A sharply divided U.S. Supreme Court on Monday stood by its most recent abortion precedent. Chief Justice John Roberts joined the court’s four liberals, citing the Supreme Court’s adherence to precedent, to invalidate a Louisiana law that required doctors at clinics that perform abortions to have admitting privileges at a nearby hospital.
Louisiana’s law is virtually identical to one struck down by the court in 2016, which found that the admitting-privileges law in Texas was medically unnecessary and that it significantly limited access to abortion.
But since then the composition of the court has changed significantly, and abortion opponents had high hopes that the new conservative majority would reverse course. Roberts, who dissented from the 2016 decision, apparently decided, however, that the value of abiding by precedent was more important.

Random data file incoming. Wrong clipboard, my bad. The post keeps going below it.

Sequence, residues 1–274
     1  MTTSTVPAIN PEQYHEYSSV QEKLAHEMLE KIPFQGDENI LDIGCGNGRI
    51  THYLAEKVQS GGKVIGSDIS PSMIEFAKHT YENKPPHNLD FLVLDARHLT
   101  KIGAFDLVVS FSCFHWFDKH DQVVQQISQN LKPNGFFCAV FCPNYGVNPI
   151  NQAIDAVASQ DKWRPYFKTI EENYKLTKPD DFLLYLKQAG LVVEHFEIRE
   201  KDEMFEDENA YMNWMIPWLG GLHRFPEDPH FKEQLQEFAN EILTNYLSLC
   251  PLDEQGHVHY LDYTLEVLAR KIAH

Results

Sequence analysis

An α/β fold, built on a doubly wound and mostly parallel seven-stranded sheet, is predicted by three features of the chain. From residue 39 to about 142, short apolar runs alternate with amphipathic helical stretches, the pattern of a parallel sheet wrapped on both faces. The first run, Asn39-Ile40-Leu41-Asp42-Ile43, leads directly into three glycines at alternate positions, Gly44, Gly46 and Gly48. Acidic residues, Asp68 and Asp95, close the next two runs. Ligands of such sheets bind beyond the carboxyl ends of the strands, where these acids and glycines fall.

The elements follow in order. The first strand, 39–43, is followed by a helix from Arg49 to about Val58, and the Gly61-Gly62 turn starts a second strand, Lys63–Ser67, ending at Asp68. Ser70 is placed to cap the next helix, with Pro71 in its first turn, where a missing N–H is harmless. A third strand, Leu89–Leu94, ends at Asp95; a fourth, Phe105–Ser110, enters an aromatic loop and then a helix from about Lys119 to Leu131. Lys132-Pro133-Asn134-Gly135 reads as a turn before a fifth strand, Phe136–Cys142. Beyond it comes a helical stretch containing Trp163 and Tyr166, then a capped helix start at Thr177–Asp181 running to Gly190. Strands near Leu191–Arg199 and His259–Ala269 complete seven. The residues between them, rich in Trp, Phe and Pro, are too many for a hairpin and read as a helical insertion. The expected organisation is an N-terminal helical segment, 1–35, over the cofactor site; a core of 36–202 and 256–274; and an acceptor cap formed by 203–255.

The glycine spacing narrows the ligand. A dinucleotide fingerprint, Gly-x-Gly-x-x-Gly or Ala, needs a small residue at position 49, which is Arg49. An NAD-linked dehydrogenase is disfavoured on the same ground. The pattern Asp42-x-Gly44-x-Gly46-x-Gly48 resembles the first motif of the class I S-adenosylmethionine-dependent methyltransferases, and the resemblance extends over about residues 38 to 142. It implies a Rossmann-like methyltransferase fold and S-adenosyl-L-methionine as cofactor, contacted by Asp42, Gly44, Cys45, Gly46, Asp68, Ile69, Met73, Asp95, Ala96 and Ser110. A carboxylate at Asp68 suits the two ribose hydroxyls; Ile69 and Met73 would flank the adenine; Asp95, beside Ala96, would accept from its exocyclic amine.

Chief Justice John Roberts is under the microscope as the Supreme Court prepares to issue its first major ruling on abortion rights in the Trump era, which will give the clearest indication yet of the court’s willingness to revisit protections that were first granted in Roe v. Wade.
The tie-breaking vote may rest with Roberts, and the case stands to test his role as the court’s new ideological center as well as his allegiance to past rulings.